As there are no nerves in the membranes it is not painful to have them broken. However, as the water is broken the midwife may need to keep her fingers inside the vagina until the baby's head is pressed firmly down against the cervix. This may take a few minutes and can be uncomfortable.
As the water is broken and some of the amniotic fluid runs out, the pressure inside the uterus changes. This may stimulate the uterus to start contracting. It is a good idea to be upright, go for a walk or just walk around in the hospital if you are able to. Moving your pelvis will cause more water to run out and create better contact between the baby's head and the cervix. Moving around in itself may also stimulate contractions.
Step 3 - Oxytocin drip
When do you get a oxytocin drip?
If you have not started getting contractions after the water has been broken or if the contractions are not strong enough to dilate your cervix.
Occasionally the pills have not been able to open your cervix enough for the water to be broken. In these cases, a oxytocin drip may be started before the water is broken.
The oxytocin drip is administered directly into the blood. For this reason, the midwife will place a thin, soft plastic tube into your hand or arm.
The bag of saltwater and oxytocin is connected to a drip counter which means the midwife knows exactly how much hormone you are getting. The midwife will increase the drip slowly so the contractions will increase in strength and frequency as it would if you went into labour naturally. The contractions will eventually become efficient and powerful enough to make your cervix dilate. The midwife will ensure that there are interval in between the contractions for you and your baby's sake.
Another option is to have a balloon catheter inserted. If on day 3 the neck of the womb has not shortened considerable and you cervix has not opened much, a soft rubber tube can be inserted into the cervix. Two small balloons, one situated inside the uterus and the other just outside the neck of the womb, are filled with water. The balloons, connected with the rubber tube, put pressure on the neck of the womb and the cervix causing them to ripen. You may walk and move around as you wish unless you have been advised differently. The balloon catheter will stay inside you uterus for 12 hours after which it is removed and you water will be broken. You may feel some discomfort having the rubber tube inserted.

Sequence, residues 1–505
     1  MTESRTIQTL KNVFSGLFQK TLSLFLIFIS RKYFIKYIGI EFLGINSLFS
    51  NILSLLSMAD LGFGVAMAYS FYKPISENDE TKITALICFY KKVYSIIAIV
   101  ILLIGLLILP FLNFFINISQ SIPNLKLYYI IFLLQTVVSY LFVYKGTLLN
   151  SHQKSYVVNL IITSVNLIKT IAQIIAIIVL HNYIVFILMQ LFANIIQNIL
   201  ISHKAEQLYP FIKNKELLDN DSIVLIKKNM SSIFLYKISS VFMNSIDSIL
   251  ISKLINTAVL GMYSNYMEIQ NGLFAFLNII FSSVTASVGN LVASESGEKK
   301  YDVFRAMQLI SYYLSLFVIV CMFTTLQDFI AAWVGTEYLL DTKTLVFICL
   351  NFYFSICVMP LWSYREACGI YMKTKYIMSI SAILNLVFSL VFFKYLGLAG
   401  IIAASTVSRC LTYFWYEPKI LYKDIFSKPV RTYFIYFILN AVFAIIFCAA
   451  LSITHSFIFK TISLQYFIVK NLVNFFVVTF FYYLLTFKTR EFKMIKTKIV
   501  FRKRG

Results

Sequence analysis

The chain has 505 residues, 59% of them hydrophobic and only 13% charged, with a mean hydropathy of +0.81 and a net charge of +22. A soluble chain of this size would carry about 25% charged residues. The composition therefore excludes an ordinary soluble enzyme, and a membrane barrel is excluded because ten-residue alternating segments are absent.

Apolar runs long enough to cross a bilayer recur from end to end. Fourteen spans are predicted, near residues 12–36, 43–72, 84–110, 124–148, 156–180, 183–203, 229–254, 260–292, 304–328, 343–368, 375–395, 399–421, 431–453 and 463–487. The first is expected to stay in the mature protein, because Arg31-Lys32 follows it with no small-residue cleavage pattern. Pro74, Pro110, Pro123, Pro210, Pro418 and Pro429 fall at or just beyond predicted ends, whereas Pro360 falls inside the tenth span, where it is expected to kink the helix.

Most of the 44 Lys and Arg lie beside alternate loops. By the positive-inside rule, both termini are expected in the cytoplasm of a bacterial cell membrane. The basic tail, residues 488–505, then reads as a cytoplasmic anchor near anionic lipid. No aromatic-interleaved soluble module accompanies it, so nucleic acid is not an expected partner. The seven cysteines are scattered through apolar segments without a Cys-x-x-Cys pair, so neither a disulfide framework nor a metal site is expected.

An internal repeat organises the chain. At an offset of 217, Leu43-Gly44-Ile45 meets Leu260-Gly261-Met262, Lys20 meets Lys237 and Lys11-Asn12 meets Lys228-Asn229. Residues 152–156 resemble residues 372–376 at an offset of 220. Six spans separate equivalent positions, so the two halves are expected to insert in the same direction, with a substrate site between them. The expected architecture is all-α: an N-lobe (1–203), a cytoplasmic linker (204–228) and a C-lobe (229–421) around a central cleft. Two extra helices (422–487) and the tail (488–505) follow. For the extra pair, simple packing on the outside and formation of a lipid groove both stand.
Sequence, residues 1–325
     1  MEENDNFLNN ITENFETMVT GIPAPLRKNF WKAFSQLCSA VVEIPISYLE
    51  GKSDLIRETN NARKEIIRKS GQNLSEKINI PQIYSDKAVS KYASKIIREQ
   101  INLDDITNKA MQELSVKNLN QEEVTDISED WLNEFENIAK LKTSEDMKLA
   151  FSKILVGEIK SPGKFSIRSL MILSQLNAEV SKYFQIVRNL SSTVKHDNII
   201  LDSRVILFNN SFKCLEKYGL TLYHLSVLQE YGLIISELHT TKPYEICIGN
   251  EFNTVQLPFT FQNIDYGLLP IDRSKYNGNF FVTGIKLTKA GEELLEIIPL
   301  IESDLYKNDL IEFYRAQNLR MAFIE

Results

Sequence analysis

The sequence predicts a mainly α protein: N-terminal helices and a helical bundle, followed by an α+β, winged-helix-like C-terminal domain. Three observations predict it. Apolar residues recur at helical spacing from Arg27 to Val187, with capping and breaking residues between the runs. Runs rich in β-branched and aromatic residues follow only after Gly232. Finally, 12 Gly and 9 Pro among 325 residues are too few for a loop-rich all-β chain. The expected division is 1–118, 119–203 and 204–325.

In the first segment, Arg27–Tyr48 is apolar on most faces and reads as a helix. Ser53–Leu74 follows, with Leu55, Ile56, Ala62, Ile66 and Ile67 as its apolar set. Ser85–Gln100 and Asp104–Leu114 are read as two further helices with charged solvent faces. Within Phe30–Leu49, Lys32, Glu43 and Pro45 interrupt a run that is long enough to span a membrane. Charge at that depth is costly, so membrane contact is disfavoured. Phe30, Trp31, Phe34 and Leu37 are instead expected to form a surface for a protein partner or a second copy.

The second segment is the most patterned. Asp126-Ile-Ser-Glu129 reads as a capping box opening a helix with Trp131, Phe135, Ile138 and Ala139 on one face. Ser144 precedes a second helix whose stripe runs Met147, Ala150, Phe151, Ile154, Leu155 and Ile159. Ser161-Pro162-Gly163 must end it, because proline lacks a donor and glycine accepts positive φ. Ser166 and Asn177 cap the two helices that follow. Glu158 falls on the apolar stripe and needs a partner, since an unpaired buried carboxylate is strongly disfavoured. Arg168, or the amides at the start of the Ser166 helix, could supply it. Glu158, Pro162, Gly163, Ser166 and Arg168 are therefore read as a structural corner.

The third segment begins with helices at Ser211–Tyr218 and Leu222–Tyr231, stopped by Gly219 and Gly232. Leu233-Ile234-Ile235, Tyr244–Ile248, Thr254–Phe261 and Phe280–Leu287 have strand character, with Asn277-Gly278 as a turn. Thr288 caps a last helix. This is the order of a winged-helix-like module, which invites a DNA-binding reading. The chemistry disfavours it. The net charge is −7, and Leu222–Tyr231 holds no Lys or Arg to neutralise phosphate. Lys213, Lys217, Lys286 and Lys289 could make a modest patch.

Induction of labour can be a long process, lasting several days, so remember to be patient.
If we are very busy it may be necessary to postpone your induction. The decision to do so will be based on a medical assessment.
About the CTG
When you are given pills, the water is broken or you have an IV oxytocin drip, we want to monitor your baby's heart rate with the CTG monitor. C stands for cardio (heart), T stands for toco (contractions) and G stands for graphy (recording). The monitor can register you baby's heartbeat and your contractions and record it on a piece of paper. By looking at this the midwife can assess your baby's wellbeing and the frequency and duration of your contractions. The monitor cannot tell us how strong or painful your contractions are, only you can.
If the delivery ward is very busy on the day of your induction, you may have to wait for several hours.
We recommend you have a big breakfast before coming into hospital, you need the energy.
Pregnancy papers ("vandrejournal"), food & drink, book/magazine, toiletries, slippers/comfortable shoes, comfortable clothes.